Stuart Ludsin, Dr. (Advisor); Elizabeth Marschall, Dr. (Advisor); Konrad Dabrowski, Dr. (Committee Member); Maria Miriti, Dr. (Committee Member)

Subjects:

Aquatic Sciences; Biology; Ecology; Fish Production; Freshwater Ecology; Limnology; Zoology

Seidel, Richard AlanConservation Biology of the Gammarus pecos Species Complex: Ecological Patterns across Aquatic Habitats in an Arid Ecosystem
Doctor of Philosophy, Miami University, 2009, Zoology

This dissertation consists of three chapters, each of which addresses a topic in one of three related categories of research as required by the Ph.D. program in ecology as directed through the Department of Zoology at Miami University.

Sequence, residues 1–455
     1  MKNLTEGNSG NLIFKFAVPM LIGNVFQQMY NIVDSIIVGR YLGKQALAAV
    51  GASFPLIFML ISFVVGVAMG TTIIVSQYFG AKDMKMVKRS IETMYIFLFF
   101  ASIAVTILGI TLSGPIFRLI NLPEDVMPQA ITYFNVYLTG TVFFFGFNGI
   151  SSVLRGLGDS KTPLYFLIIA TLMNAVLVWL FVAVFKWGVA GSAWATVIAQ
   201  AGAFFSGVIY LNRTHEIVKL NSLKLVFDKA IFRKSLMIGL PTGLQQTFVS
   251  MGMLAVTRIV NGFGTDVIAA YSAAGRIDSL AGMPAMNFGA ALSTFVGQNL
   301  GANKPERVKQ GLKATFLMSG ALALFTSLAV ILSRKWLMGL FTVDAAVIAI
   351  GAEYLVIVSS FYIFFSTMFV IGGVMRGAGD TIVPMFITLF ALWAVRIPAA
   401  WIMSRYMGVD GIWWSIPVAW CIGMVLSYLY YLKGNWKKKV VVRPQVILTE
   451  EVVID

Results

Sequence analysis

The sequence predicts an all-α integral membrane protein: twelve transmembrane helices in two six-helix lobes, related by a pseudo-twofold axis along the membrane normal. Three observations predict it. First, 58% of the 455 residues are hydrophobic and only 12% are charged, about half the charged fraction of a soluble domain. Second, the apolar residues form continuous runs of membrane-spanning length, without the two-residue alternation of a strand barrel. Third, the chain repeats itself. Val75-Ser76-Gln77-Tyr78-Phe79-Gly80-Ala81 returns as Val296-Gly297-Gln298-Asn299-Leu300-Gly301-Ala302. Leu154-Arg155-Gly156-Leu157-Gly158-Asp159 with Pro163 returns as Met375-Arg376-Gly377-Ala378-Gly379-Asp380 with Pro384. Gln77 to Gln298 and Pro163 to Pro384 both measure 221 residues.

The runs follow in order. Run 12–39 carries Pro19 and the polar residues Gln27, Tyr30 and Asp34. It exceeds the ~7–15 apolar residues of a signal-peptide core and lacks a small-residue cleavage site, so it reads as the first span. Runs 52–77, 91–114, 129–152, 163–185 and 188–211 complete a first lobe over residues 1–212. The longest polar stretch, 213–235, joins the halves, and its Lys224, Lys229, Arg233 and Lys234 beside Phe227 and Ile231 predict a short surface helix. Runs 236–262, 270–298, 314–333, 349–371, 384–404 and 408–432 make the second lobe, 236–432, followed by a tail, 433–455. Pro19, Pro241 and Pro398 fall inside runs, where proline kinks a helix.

Chapter 1, Phylogeographic analysis reveals multiple cryptic species of amphipods (Crustacea: Amphipoda) in Chihuahuan Desert springs, investigates how biodiversity conservation and the identification of conservation units among invertebrates are complicated by low levels of morphological difference, particularly among aquatic taxa. Accordingly, biodiversity is often underestimated in communities of aquatic invertebrates, as revealed by high genetic divergence between cryptic species. I analyzed PCR-amplified portions of the mitochondrial cytochrome c oxidase I (COI) gene and 16S rRNA gene for amphipods in the Gammarus pecos species complex endemic to springs in the Chihuahuan Desert of southeast New Mexico and west Texas. My analyses uncover the presence of seven separate species in this complex, of which only three nominal taxa are formally described. The distribution of these species is highly correlated with geography, with many present only in one spring or one spatially-restricted cluster of springs, indicating that each species likely merits protection under the U.S. Endangered Species Act. I present evidence suggesting that habitat fragmentation, long-distance colonization, and isolation-by-distance have occurred at different temporal and spatial scales within this system to produce the lineages that I report.